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Inspirational idea: Promoting gender equality in European agriculture and rural areas

Horizon Europe project SWIFT seeks to make the importance of women in agriculture more visible

A large group of people sitting in a discussion group outdoors
Photo credits - Mar Calvet, Stefanie Lemke

SWIFT is a Horizon Europe project to advance gender equality in farming and rural areas in Europe from an ‘intersectional, feminist and human rights-based perspective’.

“Despite the crucial contributions of women to European agriculture, they remain discriminated against in different ways. SWIFT will analyse and amplify women-led innovations and empower those acting for change in farming and rural areas." Marta Rivera-Ferre, project coordinator

Women remain under-represented in agricultural associations and, as a result, the take-up of their perspectives and rights in policies, programmes and legal frameworks is limited. The low levels of female farm ownership or lack of access to land are indicative of persistent structural inequalities in rural areas. According to the OECD, the prevalence of rural women in informal and precarious employment, lacking social protection or pension schemes, could potentially lead to women being vulnerable to increased levels of poverty. Faced with this context, gender mainstreaming has become an important principle of the Common Agricultural Policy. The current CAP Strategic Plans (2023-2027) require a gender equality approach and the increased participation of women in farming, in addition to the assessment of women’s position in agriculture, forestry and rural areas and the challenges they face.

Therefore, SWIFT will set up shared spaces and exchanges among 19 agricultural organisations and initiatives in Europe, Brazil and the US which are working on women-led innovations. This will facilitate social learning and enable the co-creation of new approaches and social networks between different local groups. They will promote the use of videos, podcasts, photovoice and other participatory methodologies that facilitate the co-construction of knowledge. This includes tools to reframe agricultural and rural policies. One of these tools for example is gender-responsive budgeting, examining a whole budget cycle from design and allocation to spending and monitoring with the participation of individuals and communities affected by the budget evaluated.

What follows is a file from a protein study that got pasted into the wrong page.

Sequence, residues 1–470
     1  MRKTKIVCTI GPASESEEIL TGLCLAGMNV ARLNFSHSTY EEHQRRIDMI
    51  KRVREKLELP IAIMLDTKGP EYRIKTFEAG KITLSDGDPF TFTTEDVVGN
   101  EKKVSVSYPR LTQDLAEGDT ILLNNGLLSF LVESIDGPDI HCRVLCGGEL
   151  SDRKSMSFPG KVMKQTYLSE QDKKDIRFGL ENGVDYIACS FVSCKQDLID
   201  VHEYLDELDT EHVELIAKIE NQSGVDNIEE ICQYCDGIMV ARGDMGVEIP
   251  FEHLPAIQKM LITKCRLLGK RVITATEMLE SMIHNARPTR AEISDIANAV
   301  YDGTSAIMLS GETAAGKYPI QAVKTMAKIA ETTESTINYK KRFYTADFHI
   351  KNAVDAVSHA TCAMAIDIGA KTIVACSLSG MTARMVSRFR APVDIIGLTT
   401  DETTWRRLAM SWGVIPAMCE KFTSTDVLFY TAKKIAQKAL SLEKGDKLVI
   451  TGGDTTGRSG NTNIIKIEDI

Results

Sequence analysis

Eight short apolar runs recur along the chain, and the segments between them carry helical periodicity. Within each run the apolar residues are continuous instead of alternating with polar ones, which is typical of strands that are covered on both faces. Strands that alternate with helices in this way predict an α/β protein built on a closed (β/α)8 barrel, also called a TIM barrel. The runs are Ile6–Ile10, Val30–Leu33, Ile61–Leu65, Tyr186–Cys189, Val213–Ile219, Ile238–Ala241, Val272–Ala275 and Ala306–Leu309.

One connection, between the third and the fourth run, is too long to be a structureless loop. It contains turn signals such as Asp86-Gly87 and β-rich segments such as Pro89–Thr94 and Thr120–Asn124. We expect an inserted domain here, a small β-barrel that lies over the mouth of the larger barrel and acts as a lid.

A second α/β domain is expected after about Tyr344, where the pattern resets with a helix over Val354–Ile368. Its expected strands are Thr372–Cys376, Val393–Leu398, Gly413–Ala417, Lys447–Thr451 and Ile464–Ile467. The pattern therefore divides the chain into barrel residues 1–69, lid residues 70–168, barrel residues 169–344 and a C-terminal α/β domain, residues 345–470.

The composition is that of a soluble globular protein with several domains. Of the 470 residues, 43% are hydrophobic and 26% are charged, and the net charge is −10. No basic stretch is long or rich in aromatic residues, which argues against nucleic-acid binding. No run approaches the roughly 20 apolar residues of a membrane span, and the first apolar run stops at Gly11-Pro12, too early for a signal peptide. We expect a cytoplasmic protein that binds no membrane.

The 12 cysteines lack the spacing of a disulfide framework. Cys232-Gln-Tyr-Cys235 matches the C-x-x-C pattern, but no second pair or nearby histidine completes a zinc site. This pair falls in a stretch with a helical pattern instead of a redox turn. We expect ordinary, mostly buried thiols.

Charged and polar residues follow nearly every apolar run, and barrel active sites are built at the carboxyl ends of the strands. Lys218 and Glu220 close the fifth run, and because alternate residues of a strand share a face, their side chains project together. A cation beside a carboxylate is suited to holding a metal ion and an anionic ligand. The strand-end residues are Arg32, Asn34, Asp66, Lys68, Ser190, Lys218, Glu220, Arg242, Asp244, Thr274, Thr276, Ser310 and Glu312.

Since the start of the project in 2023, the partners have been establishing collaborations between the network members which will be maintained over the coming years. Each of the organisations involved bring different experiences, perspectives and skills to the table. For example, La Via Campesina Austria is a women’s group which is part of the ÖBV (Austria mountain farmers' and peasants' organisation): “Our vision is a good life for all. We are working and fighting for self-determination of women in agriculture – on their farms, in their communities and for just and feminist policies (interconnection of agricultural, climate, rural, women policies etc.)” (quote)

The Sindicato Labrego Galego, Spain, is another group involved. They support small local farms, many of which are managed by women: “As a feminist organisation, we consider equality to be fundamental in the organisation and we specifically defend women’s rights at all levels.” (quote)

SWIFT strives to contribute to adapting policy and governance framework to build alternative narratives around food that can boost women’s roles in the sustainable development of rural areas and innovation in farming. SWIFT will further support the capacity of rural women to innovate for change and to find solutions to challenges faced by rural women, through the creation and strengthening of networks.

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